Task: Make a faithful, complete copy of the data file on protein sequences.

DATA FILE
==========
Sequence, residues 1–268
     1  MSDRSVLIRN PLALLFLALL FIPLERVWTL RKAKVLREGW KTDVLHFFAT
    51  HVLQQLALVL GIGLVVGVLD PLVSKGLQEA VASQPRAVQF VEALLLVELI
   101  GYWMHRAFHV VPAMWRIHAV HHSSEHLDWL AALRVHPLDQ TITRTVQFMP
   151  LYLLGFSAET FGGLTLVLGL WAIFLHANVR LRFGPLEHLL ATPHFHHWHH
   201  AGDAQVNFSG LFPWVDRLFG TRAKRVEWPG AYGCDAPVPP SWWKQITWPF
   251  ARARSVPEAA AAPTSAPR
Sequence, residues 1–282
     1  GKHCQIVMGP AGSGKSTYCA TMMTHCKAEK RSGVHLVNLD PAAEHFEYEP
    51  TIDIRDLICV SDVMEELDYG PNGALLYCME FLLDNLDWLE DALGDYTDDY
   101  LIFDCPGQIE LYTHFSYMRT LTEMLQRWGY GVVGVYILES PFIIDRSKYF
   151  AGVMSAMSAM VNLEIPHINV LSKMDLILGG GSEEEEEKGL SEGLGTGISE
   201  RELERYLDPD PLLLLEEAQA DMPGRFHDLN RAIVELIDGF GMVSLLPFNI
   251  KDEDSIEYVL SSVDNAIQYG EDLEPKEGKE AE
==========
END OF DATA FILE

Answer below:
Sequence, residues 1–268
     1  MSDRSVLIRN PLALLFLALL FIPLERVWTL RKAKVLREGW KTDVLHFFAT
    51  HVLQQLALVL GIGLVVGVLD PLVSKGLQEA VASQPRAVQF VEALLLVELI
   101  GYWMHRAFHV VPAMWRIHAV HHSSEHLDWL AALRVHPLDQ TITRTVQFMP
   151  LYLLGFSAET FGGLTLVLGL WAIFLHANVR LRFGPLEHLL ATPHFHHWHH
   201  AGDAQVNFSG LFPWVDRLFG TRAKRVEWPG AYGCDAPVPP SWWKQITWPF
   251  ARARSVPEAA AAPTSAPR
Sequence, residues 1–282
     1  GKHCQIVMGP AGSGKSTYCA TMMTHCKAEK RSGVHLVNLD PAAEHFEYEP
    51  TIDIRDLICV SDVMEELDYG PNGALLYCME FLLDNLDWLE DALGDYTDDY
   101  LIFDCPGQIE LYTHFSYMRT LTEMLQRWGY GVVGVYILES PFIIDRSKYF
   151  AGVMSAMSAM VNLEIPHINV LSKMDLILGG GSEEEEEKGL SEGLGTGISE
   201  RELERYLDPD PLLLLEEAQA DMPGRFHDLN RAIVELIDGF GMVSLLPFNI
   251  KDEDSIEYVL SSVDNAIQYG EDLEPKEGKE AE